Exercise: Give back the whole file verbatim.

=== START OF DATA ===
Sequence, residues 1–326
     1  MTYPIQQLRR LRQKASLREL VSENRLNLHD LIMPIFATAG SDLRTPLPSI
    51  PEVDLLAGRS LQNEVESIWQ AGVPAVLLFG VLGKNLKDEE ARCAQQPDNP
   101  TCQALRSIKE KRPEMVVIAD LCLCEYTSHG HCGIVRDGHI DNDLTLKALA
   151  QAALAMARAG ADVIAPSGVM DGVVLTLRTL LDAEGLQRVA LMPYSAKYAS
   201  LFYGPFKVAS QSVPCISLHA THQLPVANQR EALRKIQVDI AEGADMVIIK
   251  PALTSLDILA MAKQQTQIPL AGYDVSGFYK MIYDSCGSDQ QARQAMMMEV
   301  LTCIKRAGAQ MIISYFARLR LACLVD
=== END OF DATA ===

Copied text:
Sequence, residues 1–326
     1  MTYPIQQLRR LRQKASLREL VSENRLNLHD LIMPIFATAG SDLRTPLPSI
    51  PEVDLLAGRS LQNEVESIWQ AGVPAVLLFG VLGKNLKDEE ARCAQQPDNP
   101  TCQALRSIKE KRPEMVVIAD LCLCEYTSHG HCGIVRDGHI DNDLTLKALA
   151  QAALAMARAG ADVIAPSGVM DGVVLTLRTL LDAEGLQRVA LMPYSAKYAS
   201  LFYGPFKVAS QSVPCISLHA THQLPVANQR EALRKIQVDI AEGADMVIIK
   251  PALTSLDILA MAKQQTQIPL AGYDVSGFYK MIYDSCGSDQ QARQAMMMEV
   301  LTCIKRAGAQ MIISYFARLR LACLVD